04/29/02: It's the misconduct, stupid
04/24/02: Medal of diss-honor
04/17/02: Holy sanctuary or terrorist shield?
04/12/02: Egyptian clerics solicit martyrs for murder
04/09/02: Defining terrorism down
04/05/02: The Wilder life
04/02/02: Acting, equality and the Academy
03/31/02: Speeding to conclusions
03/25/02: Hard to remove blood (libel) stains
03/21/02: The tale of Nixon's tapes --- again
03/19/02: The Big Lie lives on
03/15/02: The tunnel vision of '9/11'
03/13/02: The American Auschwitz?
03/08/02: Hating the indoctrination of hate
03/05/02: Clinton and Enron: Old friends
03/01/02: Pickering doesn't polarize, the process does
02/26/02: Destiny's prefabricated child
02/22/02: The White House heist
02/20/02: Making the grade
02/11/02: Studying student visas
02/06/02: Understanding arrogance
02/04/02: The professor's war
01/29/02: Disconnected dialogue
01/23/02: Anti-Indiscrimination
01/18/02: How much is enough?
01/15/02: Oh brothers, where art thou?
01/10/02: Air on the side of caution
01/04/02: Blacks seeing red at Harvard
01/02/02: Clinton's campaign continues
12/26/01: A tale of two exhibitions
12/24/01: Taliban Idyll
12/19/01: Right is right
12/17/01: Hillary strikes out
12/13/01: Lost files, lost presidency
12/10/01: Revolutionaries never grow up
12/05/01: Immigration reform talk is not just for 'haters' anymore
12/03/01: A new symbol of justice
11/30/01: Beyond morality
11/26/01: Can't keep a good man down
11/20/01: Tough talk at the United Nations
11/19/01: Hollywood's other battle
11/14/01: What's the matter with Sara Jane?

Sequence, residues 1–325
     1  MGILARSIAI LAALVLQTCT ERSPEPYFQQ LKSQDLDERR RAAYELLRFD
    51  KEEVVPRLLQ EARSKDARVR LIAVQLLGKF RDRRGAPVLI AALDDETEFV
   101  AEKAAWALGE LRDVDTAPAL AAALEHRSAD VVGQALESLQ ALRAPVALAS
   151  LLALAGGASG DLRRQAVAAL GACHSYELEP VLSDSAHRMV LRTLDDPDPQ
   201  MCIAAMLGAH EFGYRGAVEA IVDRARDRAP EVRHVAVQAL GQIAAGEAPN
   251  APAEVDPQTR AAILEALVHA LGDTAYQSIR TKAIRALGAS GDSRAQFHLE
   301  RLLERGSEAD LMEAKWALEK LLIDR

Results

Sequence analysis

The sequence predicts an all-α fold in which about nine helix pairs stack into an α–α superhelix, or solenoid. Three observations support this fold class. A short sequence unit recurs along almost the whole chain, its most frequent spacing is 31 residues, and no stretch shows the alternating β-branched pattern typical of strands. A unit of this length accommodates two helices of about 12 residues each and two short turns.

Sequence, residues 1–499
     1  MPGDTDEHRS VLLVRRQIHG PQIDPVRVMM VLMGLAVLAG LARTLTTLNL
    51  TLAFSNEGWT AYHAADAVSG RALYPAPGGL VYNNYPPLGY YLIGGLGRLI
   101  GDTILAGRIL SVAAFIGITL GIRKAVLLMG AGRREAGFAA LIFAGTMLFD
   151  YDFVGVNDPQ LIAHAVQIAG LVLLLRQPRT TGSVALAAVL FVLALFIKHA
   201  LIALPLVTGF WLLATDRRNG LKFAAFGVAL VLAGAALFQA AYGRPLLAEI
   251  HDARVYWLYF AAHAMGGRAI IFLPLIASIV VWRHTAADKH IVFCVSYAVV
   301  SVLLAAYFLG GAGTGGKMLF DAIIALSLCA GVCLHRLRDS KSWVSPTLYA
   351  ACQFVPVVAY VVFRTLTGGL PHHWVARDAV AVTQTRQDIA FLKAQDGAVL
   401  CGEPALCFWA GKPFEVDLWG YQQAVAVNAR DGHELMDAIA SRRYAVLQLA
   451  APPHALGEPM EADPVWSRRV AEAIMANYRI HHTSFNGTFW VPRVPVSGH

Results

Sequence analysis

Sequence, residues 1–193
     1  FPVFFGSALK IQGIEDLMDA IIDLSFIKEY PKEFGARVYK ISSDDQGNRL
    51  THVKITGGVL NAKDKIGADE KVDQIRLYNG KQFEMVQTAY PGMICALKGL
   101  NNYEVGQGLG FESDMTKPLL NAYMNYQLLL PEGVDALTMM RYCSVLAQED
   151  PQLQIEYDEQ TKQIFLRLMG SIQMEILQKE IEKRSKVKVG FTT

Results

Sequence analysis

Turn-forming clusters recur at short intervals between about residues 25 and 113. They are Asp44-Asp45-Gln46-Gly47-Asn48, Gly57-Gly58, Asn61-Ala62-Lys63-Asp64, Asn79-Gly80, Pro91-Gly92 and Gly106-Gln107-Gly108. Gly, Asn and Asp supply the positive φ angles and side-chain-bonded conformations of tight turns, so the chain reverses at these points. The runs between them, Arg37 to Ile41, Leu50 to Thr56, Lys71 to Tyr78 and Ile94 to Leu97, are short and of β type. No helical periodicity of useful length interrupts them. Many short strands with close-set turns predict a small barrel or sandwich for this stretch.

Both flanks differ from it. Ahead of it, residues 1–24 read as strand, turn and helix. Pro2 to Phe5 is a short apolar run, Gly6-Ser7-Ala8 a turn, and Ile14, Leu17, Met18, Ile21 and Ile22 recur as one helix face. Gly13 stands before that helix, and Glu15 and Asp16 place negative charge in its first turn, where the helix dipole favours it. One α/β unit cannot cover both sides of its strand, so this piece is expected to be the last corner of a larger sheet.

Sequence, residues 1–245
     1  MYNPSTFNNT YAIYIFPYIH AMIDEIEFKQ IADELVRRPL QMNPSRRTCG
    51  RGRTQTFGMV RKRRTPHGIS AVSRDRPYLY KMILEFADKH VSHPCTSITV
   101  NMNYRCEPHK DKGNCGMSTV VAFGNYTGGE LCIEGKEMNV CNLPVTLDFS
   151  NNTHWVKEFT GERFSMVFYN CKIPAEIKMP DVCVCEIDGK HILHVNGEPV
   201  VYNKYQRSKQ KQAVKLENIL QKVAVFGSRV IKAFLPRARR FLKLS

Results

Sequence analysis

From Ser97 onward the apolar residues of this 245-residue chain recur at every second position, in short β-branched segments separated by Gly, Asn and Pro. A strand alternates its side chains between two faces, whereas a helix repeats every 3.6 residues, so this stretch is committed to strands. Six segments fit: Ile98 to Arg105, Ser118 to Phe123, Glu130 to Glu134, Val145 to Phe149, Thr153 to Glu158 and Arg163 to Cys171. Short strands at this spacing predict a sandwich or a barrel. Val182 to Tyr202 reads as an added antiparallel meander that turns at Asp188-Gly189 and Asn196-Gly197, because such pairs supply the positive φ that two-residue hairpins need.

11/09/01: A beef with bin Laden's Beef Noodles
11/07/01: Facing up to the FBI's past mistakes
11/02/01: A school that teaches patriots to shutup
10/30/01: The gap between Islam and peace
10/26/01: The ties that bind (and gag)
10/24/01: This war is more than Afghanistan
10/22/01: The fatuous fatwa
10/19/01: Left out
10/16/01: Whose definition of terrorism?
10/11/01: Post-stress disorder
10/08/01: How the West has won
10/01/01: Good, bad or ... diplomacy
09/28/01: Drawing a line in stone
09/21/01: Prejudice or prudence?
09/14/01: When our dead will finally rest in hallowed ground
09/07/01: We want our #$%^&*() audience back!
08/24/01: The transformation from Green Mountain State to Green Activist State is all but complete
08/17/01: Enlightenment at Yale
08/10/01: From oppressors to victims, a metamorphosis
08/03/01: Opening the dormitory door: College romance in the New Century
08/01/01: How-To Hackdom: The dubious art of writing books about writing books
07/20/01: Hemming about Hemmings
07/13/01: Justice has not been served in the Loiuma police brutality case
06/22/01: When PC parades are too 'mainstream'
06/22/01: When "viewpoint discrimination" in our schools was not nearly so gnarly a notion
06/15/01: Lieberman flaunts mantle of perpetual aggrievement
06/07/01: Is graciousness the culprit?
06/01/01: The bright side of the Jeffords defection
05/29/01: Campus liberals should be more careful
05/18/01: 'Honest Bill' Clinton and other Ratheresian Logic
05/11/01: Dodging balls, Bugs, and 'brilliance'
05/04/01: Foot in mouth disease and little lost Tories
04/20/01:The last classic Clinton cover-up
04/20/01: D-Day, Schmee-Day
04/06/01: For heaven's sake, a little decency!
03/30/01: The sweet sound of slamming doors and clucking feminists
03/23/01: America's magazines and the 'ick-factor'
03/09/01: Felony neglect
03/02/01: Who's sorry now?
02/23/01: 'Ecumenical niceness' and other latter-day American gifts to the world
02/16/01: Elton and Eminem: Royal dirge-icist meets violent fantasist
02/12/01: If only ...

© 2001, Diana West